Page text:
Cities in the Wilderness: Solving Hertfordshire’s Housing Crisis

Not every community is as committed to preserving their countryside as we are. San Jose, in the heart of Silicon Valley has grown from a city the size of Stevenage to a city larger than Birmingham in the space of sixty years. The population of California has doubled in my lifetime with cities springing up in the wilderness almost overnight. The same can be seen right across the deserts of Arizona, Nevada and Utah.

But the key word here is “desert”. People in Arizona aren’t particularly precious about their cacti – and with empty desert for hundreds or miles on end, there is plenty of space to go around.

Here in Hertfordshire, space is at a premium – and our arable land is some of the best in the country. It is an inheritance we want to pass on to future generations. But we also want to pass on our way of life. It is futile to preserve our fields if our children can’t afford to enjoy them because they’ve been priced out of town. It’s also meaningless to protect our schools and hospitals from overcrowding if the teachers and nurses can no longer afford to live here.

While I have heard loud and clear the voices of those who want to protect our Greenbelt, I have also heard the voices of those angered by the fact that they have been priced out of their home town, or who are bringing their children up in inadequate, substandard accommodation in the private rented sector and have lost hope that they will ever afford to own their own home. In our efforts to preserve what is special and unique about Hitchin, the voices of this second group must not be silenced.

It need not be this way. Whilst inward migration in the UK is directed towards London, in the USA the population has moved away from cities such as New York, Chicago and Los Angeles and towards these new cities in the desert. And a quick look at real estate prices explains why. £150,000 can easily buy you a four bedroom, two bathroom detached property with land and mountain views in somewhere like St. George, Utah. Who wouldn’t want to swap their tiny New York apartment for that?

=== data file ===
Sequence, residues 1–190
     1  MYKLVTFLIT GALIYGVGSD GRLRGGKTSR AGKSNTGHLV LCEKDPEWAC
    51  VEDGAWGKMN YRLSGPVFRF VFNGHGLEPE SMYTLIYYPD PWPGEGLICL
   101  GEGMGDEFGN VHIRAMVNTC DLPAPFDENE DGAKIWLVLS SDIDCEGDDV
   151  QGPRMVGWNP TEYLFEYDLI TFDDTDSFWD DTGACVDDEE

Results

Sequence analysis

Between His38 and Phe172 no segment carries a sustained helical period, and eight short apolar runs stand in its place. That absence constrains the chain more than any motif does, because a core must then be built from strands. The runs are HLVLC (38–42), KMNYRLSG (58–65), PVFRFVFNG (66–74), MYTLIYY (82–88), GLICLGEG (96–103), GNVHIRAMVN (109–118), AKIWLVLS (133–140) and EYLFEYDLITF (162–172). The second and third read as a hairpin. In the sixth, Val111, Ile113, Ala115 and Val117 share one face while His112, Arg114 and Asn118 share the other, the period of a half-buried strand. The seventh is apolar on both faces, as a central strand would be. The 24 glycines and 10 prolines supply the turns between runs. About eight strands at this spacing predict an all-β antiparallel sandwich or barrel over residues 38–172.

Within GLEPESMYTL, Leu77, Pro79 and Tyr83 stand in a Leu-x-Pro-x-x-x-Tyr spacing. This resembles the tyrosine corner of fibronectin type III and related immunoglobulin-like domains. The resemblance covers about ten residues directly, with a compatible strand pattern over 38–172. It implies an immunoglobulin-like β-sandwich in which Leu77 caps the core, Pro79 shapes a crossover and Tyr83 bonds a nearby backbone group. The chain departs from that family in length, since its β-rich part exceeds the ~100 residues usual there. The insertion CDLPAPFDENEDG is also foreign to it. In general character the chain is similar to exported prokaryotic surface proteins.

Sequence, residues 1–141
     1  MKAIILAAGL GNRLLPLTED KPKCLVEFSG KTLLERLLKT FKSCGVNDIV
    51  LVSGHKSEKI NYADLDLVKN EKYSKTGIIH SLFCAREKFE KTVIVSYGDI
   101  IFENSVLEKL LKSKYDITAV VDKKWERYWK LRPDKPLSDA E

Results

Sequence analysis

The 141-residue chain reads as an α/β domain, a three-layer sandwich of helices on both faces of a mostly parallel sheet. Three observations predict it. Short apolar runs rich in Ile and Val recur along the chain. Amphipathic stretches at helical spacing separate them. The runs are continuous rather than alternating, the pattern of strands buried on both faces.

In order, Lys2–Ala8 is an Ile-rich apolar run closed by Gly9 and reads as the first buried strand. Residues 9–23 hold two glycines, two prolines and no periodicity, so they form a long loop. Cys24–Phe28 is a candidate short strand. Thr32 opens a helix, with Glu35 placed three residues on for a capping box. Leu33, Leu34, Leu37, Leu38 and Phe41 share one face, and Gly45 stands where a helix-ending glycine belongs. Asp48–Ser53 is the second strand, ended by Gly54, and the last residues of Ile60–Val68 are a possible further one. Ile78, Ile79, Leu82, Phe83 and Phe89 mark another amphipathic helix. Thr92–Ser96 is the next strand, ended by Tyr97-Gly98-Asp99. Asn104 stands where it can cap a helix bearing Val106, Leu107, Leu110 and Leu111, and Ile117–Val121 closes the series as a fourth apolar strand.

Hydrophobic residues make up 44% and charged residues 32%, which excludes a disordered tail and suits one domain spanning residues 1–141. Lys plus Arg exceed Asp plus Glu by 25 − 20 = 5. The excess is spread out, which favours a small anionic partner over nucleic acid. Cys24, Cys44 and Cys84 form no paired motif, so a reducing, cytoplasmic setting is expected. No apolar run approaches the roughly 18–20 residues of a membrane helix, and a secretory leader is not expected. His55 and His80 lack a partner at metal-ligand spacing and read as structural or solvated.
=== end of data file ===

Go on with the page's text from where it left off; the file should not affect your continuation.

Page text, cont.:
If we could reverse the direction of our inward migration, we could not only reduce the numbers of houses needed in North Hertfordshire, we could increase the quality of life across the country.

You see, the UK doesn’t have a housing crisis: London and the South East have a housing crisis. The rest of the country has a jobs and wages crisis. As a result, they have been moving to places like North Hertfordshire for decades by their 1,000s in search of a better life. The price we have paid for having access to decent jobs is never-ending housebuilding – and the only way we are going to reverse this is if we spread our economy more evenly across the country.

Only a few years back you could buy a house in Stoke-on-Trent for £1 provided they you were prepared to renovate it and live in it for five years. But how easy is it to secure a fulltime, skilled job in Stoke-on-Trent now the mines and potteries have closed? There lies the problem – and until we resolve it, homes will continue to have to be built in North Hertfordshire.

But for too long, our politicians have played us off against each other, encouraging us to resent any policy – such as the Barnett Formula – that might help to bring prosperity to a different part of the country. And our rhetoric on Welfare actively encourages the unemployed to relocate from workless regions. Our current housing crisis is a by-product of a divided nation that refuses to work together for the benefit of all.

But if we could learn to work together as One Nation, understanding that our twin goals of affordable housing and decent jobs are really two sides of the same coin, if we can look beyond our aspirations for a tiny bit of real estate in one of the most expensive corners of Europe with its never-ending commutes on overcrowded trains, we can see that things don’t need to be this way. Let us build our own cities in the wilderness.